2023-01-16

Definition: Collaborator

Collaboration, by michael.gr, based on original 'Gear' by Lluisa Iborra (https://thenounproject.com/icon/gear-1031260/) and 'hands making a circle' by Oleksandr Panasovskyi (https://thenounproject.com/icon/hands-making-a-circle-4289633/) from the Noun Project.

A collaborator is a component invoked by other components to do a job.

I noticed that I have been coming across this term quite often in software literature, and I have been using it a lot, but without ever having seen it defined. So, I tried searching for its definition, but could not find any. After asking on softwareengineering.stackexchange.com, someone pointed me to what is in almost all certainty the original definition, but it turns out that it is very old, and slightly problematic, so I thought I should provide a modern definition here, at the very least for referring to it when I use the term in my own writings.

Origin of the term

(Useful pre-reading: About these papers)

Collaborators were introduced as a concept in a paper by Kent Beck and Ward Cunningham in 1989 (See http://c2.com/doc/oopsla89/paper.html) and defined as "objects which will send or be sent messages in the course of satisfying responsibilities". 

The "in the course of satisfying responsibilities" part seems to convey no information, despite the fact that it comprises about half of the definition; it is probably filler to make the definition sound better.

The paper was written in the context of Smalltalk, which relied on message-passing, but more generally, collaborators exchange invocations. 

The paper allowed a collaborator to be either "a service with little regard or even awareness of its client" or a "near-equal" in a "symmetric relation", but nowadays we tend to put emphasis on loose coupling, so collaborators are generally services: a component has knowledge of collaborators that it employs, but a collaborator has no specific knowledge of components that it is employed by.

The UML specification contains a definition of the term Collaboration, for example in UML 2.5.1

Notes

Depending on the scope of the discussion, the term collaborator may mean two things of different nature:

  • When discussing a component and its collaborators, the term collaborator usually refers to an interface, because a component is supposed to be invoking interfaces, not actual implementations.
  • When discussing a system and the components in it, the term collaborator refers to an actual component implementing one or more interfaces, because components is what systems consist of.
When there is a need to differentiate between the two, the terms Collaborator Interface and Collaborator Component can be used.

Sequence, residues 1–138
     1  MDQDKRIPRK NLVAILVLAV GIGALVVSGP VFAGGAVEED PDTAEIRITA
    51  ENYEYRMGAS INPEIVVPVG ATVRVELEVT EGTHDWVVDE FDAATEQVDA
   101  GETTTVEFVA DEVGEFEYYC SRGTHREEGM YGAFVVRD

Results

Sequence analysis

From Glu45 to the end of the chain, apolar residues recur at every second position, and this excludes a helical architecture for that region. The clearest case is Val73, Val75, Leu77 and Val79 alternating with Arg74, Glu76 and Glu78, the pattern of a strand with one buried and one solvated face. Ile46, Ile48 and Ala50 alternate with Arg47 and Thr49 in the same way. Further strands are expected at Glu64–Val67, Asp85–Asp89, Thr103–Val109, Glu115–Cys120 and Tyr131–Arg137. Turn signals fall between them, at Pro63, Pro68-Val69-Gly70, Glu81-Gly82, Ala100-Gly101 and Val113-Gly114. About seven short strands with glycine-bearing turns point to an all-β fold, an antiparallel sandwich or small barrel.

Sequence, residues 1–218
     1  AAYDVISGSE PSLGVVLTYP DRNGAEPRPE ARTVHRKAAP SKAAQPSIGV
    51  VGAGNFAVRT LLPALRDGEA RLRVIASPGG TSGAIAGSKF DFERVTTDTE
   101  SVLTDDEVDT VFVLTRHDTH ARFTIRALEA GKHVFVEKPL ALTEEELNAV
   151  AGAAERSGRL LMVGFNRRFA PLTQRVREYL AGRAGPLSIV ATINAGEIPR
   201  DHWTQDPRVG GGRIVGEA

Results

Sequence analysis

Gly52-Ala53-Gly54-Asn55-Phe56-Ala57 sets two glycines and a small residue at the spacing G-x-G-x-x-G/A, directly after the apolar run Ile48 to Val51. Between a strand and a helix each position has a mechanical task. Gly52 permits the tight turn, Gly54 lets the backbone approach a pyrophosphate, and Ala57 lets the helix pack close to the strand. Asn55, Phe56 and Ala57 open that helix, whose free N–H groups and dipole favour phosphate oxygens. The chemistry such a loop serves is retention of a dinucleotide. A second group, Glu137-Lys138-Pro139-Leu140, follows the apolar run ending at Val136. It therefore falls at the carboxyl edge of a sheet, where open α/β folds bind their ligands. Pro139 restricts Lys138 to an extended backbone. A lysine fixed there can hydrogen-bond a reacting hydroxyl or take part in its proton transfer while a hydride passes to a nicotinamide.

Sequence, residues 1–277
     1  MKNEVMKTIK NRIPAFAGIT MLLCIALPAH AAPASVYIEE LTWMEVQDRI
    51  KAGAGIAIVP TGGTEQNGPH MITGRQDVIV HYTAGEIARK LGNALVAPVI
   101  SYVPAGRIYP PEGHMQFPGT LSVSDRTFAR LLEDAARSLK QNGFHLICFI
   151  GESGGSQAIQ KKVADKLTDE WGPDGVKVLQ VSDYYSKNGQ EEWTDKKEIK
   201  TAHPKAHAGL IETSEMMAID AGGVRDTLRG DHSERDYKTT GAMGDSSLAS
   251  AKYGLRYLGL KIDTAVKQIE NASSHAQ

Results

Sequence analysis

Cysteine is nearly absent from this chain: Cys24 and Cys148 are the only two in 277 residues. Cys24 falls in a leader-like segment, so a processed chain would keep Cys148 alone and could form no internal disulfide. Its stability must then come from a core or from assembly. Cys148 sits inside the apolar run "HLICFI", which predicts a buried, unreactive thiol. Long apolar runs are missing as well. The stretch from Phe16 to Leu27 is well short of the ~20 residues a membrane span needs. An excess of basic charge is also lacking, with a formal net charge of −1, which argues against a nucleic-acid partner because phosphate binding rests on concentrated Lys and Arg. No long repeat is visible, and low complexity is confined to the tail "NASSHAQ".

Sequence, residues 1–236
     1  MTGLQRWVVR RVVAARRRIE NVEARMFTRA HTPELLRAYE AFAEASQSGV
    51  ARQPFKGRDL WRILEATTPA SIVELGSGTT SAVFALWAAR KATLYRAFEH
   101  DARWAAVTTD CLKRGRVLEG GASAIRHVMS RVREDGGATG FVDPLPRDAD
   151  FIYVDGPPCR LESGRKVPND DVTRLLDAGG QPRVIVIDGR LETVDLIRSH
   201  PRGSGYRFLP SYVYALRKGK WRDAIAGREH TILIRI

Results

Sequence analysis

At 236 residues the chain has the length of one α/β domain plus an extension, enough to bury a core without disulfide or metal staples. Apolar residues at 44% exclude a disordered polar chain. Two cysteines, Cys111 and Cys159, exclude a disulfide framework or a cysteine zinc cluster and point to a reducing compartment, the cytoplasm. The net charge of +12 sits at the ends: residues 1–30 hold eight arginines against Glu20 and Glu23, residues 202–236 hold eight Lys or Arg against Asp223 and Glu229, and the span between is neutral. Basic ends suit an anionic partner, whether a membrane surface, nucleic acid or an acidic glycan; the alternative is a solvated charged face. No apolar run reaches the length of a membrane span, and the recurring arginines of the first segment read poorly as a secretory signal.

The term does not imply any particular mechanism for making a collaborator component available to a component that wants to use it. The collaborator might be hard-coded, might be supplied as a parameter to an interface method call, might be injected, etc. If the mechanism by which a collaborator is being made available is unclear, and if it matters, then it should be explicitly stated. However, in software architecture we are usually discussing collaborators that may appear in architectural diagrams, and these tend to be injectable. Collaborators that are hard-coded or supplied as parameters tend to be small-scale implementation details that generally do not appear in architectural diagrams.

The term does not imply any particular mechanism for placing invocations; one collaborator might be invokable via programmatic interface method calls, while another might be invokable via message-passing, and yet another might be invokable via REST-over-HTTP; if the mechanism of placing invocations is unclear, and if it matters, then it should be explicitly stated. Having said that, I should add that in most cases it should not matter, because writing software using any invocation mechanism other than programmatic interface method calls is misguided; things like message-passing or REST-over-HTTP are a) invocation delivery details, and b) system deployment and wiring concerns, so they should always be abstracted away, ideally in a completely automatic and transparent way, so that we never have to deal with them. Thus, when I speak of invocations between collaborators, and unless I explicitly state otherwise, I mean programmatic interface method calls, with the provision that some automatic and transparent conversion between such calls and some other invocation delivery mechanism might be taking place under the hood if necessary.

Similarities and differences from dependencies

  • Collaborator interfaces are always dependencies, because a component needs to import an interface in order to make invocations to it, otherwise it will not compile. (Assuming we are using a real programming language, meaning a strongly typed programming language.)
  • Collaborator components that are available via hard-coding are of course also dependencies, because when a component is hard-coded to make use of a certain collaborator component, it explicitly depends on that particular concrete implementation.
  • Collaborator components that are available not via hard-coding, but instead via injection or parameter-passing, are never dependencies; when an instance of a collaborator is injected or passed to a component, the component depends on the interface of that collaborator, but not on any particular concrete implementation of that interface.

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Reference: softwareengineering.stackexchange.com - Definition of "collaborators" (of an object) in Software Design?

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